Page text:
Illegal logging is threatening the livelihoods of millions of the world's poor, robbing governments of billions of dollars in revenue and undermining legitimate logging businesses, the World Bank said on Saturday.
SINGAPORE Illegal logging is threatening the livelihoods of millions of the world's poor, robbing governments of billions of dollars in revenue and undermining legitimate logging businesses, the World Bank said on Saturday.
In developing countries, illegal logging of public lands alone causes estimated losses in assets and revenue in excess of $10 billion a year, the Bank said in a report released on the sidelines of the IMF-World Bank meetings in Singapore.
A further $5 billion in revenue was lost each year through tax evasion and loss of royalties on legal logging.
Katherine Sierra, the Bank's vice president for sustainable development, said nearly a fifth of humanity was dependent on forests for some part of their livelihoods.
Better law enforcement and land management were essential to protect their futures and lift them out of poverty, she said on Saturday.
"Forests are a global public good, and their degradation imposes global costs such as climate change and species loss," said the report.
"Despite the magnitude of the problem, there are few instances of prosecution and punishment," the report said. "In fact, if there are prosecutions it is the poor, looking to supplement their meagre livelihoods, who are victimised and sent to jail. Large-scale operators continue with impunity."
It said illicit cash from illegal logging needed to be targetted and that anti-money laundering and asset forfeiture laws were important tools to fight forest clearing, corruption and organised crime.
The report includes estimates of illegal logging rates as a percentage of total production in 17 countries, from Bolivia to Myanmar and Vietnam.
Approximately two-thirds of those countries have illegal logging rates of at least 50 percent. In Indonesia, between 70 and 80 percent of all logging was illegal, in Bolivia it was 80 percent, while in Cambodia it was estimated at 90 percent.
Law enforcement in Indonesia, where large areas of tropical forests are being destroyed each year, was a particular problem, the report said.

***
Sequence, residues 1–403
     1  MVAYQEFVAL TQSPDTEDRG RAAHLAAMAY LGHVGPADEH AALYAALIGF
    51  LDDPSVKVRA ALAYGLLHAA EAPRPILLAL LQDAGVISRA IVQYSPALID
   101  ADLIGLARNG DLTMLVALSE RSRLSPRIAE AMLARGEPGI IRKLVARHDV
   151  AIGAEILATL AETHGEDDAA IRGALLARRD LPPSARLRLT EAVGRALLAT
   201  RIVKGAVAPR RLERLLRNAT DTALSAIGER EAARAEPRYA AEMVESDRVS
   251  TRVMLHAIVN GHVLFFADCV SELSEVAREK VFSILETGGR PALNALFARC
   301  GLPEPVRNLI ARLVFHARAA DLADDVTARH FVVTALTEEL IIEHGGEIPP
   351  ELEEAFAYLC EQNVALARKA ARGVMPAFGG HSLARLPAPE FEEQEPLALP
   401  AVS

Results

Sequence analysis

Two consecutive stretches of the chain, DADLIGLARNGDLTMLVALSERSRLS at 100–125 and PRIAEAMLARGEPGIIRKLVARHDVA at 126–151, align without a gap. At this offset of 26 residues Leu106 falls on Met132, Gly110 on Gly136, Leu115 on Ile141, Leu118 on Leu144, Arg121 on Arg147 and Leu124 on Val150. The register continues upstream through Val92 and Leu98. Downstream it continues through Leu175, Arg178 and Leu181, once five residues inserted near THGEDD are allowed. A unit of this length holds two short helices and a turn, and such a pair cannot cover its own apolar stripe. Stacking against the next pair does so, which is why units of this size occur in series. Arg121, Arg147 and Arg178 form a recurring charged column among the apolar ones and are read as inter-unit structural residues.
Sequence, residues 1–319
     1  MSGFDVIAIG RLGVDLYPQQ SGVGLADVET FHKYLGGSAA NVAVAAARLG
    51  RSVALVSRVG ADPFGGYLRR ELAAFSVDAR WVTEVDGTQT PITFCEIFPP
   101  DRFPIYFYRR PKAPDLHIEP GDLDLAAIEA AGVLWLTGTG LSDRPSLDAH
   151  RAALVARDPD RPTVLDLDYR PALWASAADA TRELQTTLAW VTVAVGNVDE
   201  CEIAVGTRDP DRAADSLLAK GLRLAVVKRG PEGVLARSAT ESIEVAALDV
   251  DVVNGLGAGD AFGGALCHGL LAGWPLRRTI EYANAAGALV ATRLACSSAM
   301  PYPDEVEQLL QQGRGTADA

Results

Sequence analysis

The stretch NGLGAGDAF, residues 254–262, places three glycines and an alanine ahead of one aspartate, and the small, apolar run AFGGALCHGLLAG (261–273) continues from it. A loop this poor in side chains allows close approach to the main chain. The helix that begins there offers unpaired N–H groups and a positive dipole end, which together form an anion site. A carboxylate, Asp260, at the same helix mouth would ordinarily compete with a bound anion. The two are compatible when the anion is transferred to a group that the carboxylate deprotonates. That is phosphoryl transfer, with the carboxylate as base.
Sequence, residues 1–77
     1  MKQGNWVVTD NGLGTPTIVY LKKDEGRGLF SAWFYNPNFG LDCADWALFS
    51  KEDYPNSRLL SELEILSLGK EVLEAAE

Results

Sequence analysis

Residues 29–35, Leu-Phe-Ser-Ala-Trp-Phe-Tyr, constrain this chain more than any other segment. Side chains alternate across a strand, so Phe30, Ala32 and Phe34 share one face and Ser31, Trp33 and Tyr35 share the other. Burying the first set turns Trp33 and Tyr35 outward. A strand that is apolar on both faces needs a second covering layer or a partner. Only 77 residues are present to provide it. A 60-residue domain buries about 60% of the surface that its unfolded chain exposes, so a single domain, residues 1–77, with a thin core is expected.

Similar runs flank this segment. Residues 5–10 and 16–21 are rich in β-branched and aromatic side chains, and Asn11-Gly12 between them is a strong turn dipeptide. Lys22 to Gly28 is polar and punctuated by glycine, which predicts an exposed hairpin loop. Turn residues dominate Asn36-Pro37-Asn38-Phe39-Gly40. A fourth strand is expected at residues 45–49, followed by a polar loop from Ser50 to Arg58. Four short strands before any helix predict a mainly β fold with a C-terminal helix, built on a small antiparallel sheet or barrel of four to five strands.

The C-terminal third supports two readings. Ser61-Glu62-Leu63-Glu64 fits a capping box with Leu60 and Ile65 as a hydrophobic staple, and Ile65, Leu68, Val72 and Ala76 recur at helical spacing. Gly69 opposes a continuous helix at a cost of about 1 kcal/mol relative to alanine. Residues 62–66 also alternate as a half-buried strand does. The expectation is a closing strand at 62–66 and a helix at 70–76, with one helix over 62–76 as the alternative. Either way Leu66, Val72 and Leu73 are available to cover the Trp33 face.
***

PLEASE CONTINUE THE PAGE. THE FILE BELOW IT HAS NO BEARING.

Indonesian investigators had limited capacity to collect evidence and press for prosecution because they had insufficient understanding about recent forest laws and sanctions, court procedures and forest crimes.
Such work was also dangerous.
"There have been numerous cases where forest police, park rangers, and members of NGOs have been injured or killed for attempting to suppress illegal timber theft," the report said.
The report also highlighted China's huge appetite for timber, with imports rising from US$6 billion in 1996 to US$16 billion in 2005. The timber came principally from Russia's far east, Indonesia, Malaysia, Papua New Guinea, New Zealand and Thailand.
"It is feared that the Chinese demand, which does not currently distinguish between legally and illegally produced timber for imports, is escalating the problem of illegal logging," the report said.
China has denied it is plundering the world's forests to feed exports to the West but many conservation groups dispute this.
While the fate of the world's forests looks bleak, the Bank said that in recent years, illegal logging had shifted from an almost taboo subject to now being part of an open dialogue between governments on sustainable forest management.
Underscoring this, officials launched the G8 Illegal Logging Dialogue in Singapore on Saturday that comprises lawmakers from G8 nations, plus China, India and other top timber producting nations, along with timber companies and NGOs.
The dialogue aims to agree on a practical plan of action to address illegal logging and will present a set of recommendations to the G8 in 2008. (Writing by David Fogarty, editing by Bill Tarrant; World Desk Singapore, +65 6870 3813)